Cornwall DJ Luke Vibert is an electro-nostalgist. He has always been one to mill the past of electronic sound for foundational imprints that he can translate for a modern music audience. His Wagon Christ project compiled the lot of his obsessions (children’s records, funk, moog exotica) and distilled them into an oddball gestalt that positioned the project (perhaps partly thanks to his association with his Cornwall mate Richard D. James) far too leftfield of the trip-hop and downtempo music being championed at the time. Later, he lassoed together a string of discarded artifacts from the ’60s and ’70s electro-pop library music past in the form his Nuggets series, much to delight of archivists everywhere. Those sounds and more popped up Vibert’s Yoseph album, but the LP became perhaps most iconic for its mantric song “I Love Acid”, which may have spearheaded a renewed interest in the twisted 808/303 tweaks of Acid House. Even more recently, he has put out an Italo-disco disc as Kerrier District and joined forces with early Moog pioneer/programming lynchpin/Disney parade composer Jean-Jacques Perrey for a collaborative album.
Yet, as Gutterbreakz once remarked, “no matter how much Vibert exhumes from the past, the end results always sound like nothing else but Vibert”. It’s odd then to find that 15 years after exploding onto the scene, Vibert has finally come around to being nostalgic for himself.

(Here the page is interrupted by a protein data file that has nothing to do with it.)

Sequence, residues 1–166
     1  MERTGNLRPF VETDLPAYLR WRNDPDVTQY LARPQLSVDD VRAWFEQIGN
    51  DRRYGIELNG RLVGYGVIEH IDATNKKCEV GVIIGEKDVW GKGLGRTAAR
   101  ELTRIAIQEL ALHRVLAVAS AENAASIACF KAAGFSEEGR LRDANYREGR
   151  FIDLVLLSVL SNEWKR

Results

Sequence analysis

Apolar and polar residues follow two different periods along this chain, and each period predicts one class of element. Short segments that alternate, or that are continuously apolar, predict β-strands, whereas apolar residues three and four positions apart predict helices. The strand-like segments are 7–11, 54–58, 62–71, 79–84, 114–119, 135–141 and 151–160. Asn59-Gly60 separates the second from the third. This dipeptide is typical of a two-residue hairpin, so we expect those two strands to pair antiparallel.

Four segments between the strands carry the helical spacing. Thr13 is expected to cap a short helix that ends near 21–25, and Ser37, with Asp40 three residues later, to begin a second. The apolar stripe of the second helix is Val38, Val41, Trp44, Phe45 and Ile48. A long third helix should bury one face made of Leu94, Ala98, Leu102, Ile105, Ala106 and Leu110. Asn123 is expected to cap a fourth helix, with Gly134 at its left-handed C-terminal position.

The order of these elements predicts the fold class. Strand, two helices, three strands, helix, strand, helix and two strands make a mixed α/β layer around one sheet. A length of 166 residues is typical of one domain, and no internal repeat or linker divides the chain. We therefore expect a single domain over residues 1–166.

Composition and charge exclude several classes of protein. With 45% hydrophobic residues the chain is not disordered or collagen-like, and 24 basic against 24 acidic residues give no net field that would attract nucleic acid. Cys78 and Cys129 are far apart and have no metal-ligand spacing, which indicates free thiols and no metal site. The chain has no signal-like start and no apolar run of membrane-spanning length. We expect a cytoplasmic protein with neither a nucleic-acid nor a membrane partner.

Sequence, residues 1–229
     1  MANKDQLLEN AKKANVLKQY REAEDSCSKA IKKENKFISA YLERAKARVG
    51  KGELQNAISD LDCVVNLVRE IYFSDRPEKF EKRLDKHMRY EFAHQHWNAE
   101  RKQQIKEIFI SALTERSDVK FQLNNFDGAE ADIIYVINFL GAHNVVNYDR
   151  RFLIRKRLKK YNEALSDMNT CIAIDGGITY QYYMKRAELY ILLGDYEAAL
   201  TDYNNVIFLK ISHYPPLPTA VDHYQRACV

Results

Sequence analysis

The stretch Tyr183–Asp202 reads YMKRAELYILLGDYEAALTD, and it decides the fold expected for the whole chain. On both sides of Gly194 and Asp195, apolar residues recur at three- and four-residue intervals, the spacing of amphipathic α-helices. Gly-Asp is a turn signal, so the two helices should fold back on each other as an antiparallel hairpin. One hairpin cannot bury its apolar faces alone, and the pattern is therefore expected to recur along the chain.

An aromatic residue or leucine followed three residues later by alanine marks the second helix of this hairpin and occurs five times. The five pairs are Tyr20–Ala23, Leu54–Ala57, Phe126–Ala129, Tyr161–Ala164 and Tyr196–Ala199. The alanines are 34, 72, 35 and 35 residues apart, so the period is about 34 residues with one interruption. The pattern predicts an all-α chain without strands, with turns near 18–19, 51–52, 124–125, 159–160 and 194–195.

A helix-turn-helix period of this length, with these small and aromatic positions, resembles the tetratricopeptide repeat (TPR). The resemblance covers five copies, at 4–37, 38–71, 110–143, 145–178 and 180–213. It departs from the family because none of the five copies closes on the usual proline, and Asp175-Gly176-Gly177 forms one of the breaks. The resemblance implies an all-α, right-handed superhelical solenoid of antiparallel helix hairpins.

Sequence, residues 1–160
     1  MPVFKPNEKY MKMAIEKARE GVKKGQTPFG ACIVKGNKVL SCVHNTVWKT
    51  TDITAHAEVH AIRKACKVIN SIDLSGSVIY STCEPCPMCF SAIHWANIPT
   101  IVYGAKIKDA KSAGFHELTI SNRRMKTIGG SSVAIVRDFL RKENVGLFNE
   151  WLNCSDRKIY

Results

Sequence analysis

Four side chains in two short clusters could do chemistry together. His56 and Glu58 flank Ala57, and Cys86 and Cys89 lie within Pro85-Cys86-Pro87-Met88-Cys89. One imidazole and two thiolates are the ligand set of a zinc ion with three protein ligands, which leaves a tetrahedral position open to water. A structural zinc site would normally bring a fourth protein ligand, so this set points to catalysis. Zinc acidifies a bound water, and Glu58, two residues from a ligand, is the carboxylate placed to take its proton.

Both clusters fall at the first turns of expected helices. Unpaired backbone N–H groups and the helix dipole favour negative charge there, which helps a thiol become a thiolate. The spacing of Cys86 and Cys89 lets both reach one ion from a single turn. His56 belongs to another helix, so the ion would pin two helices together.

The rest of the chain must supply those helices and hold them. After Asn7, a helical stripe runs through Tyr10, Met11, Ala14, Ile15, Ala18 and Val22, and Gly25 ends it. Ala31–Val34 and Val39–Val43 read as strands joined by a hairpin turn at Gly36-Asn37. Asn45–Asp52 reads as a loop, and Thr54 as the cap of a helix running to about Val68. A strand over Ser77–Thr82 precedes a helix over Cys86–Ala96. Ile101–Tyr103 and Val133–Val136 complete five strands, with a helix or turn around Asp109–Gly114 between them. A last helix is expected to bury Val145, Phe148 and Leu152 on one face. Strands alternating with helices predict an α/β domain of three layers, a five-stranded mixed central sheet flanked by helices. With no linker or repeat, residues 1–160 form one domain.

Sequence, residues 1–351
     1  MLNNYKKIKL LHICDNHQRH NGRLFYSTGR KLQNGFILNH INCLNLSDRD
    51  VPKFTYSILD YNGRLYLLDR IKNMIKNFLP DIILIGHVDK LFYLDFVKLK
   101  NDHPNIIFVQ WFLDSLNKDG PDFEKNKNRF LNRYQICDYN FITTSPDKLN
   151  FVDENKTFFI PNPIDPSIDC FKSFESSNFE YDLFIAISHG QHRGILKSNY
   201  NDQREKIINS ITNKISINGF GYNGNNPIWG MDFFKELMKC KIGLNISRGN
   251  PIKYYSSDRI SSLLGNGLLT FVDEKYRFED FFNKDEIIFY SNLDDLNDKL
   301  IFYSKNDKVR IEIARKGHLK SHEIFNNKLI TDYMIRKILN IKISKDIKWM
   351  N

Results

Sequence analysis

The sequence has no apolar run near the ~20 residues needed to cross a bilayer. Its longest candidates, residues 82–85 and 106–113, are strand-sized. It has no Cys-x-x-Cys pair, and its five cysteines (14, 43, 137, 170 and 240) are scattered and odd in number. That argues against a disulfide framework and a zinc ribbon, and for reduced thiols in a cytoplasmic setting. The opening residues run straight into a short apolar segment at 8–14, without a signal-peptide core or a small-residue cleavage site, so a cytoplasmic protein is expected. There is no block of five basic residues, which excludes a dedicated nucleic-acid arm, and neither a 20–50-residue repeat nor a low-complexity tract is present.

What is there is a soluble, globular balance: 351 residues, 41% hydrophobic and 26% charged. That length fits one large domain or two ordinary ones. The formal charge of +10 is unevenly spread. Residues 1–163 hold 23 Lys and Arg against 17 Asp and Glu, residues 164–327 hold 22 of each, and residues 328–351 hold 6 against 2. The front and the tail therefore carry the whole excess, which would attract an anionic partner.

Rodulate is an assemblage of previous unreleased tracks with partner and occasional “spiritual advisor” Jeremy Simmonds. It’s also their first commercially available collaboration since the Vibert/Simmonds release Weirs in 1993, which predates any of Vibert’s other projects. There’s no telling where in the historical canon of Vibert these tracks fall, but style alone would point to an era not long after the recording of Weirs.
“Why now?” must almost certainly be the question on anyone’s mind who sits down with Rodulate. An unfortunate side effect of being close to James (whose Rephlex Records put out both Weirs and Rodulate) is that you often begin to half-expect spillover onto associates like Vibert from James’s own self-mythologizing anti-PR, which credits works that aren’t his as his own creation (The Tuss, Black Devil) and repudiates projects that likely are his (Q-Chastic, Bradley Strider). One might speculate that the material of Rodulate is not a series antiquated and forgotten relics at all, but new material cooked up upon Simmonds’s return to music two years back with his Voafose record. It would explain what Simmonds was up to all these years (he assisted the drum ‘n’ bass outfit Boymerang briefly during the late ’90s, but the depth of his role is unknown). His disappearance from recorded sound even caused some to conjecture that Simmonds was simply another invention of James’s, and that Weirs was an original Vibert work.
Regardless of the reason why, we now have another 12 tracks by Vibert/Simmonds. While the analogue experimentation of Weirs sounds more prescient than ever, Rodulate is a slightly rusty amulet with archaic engineering, an unearthed work in progress designated complete by way of a remaster.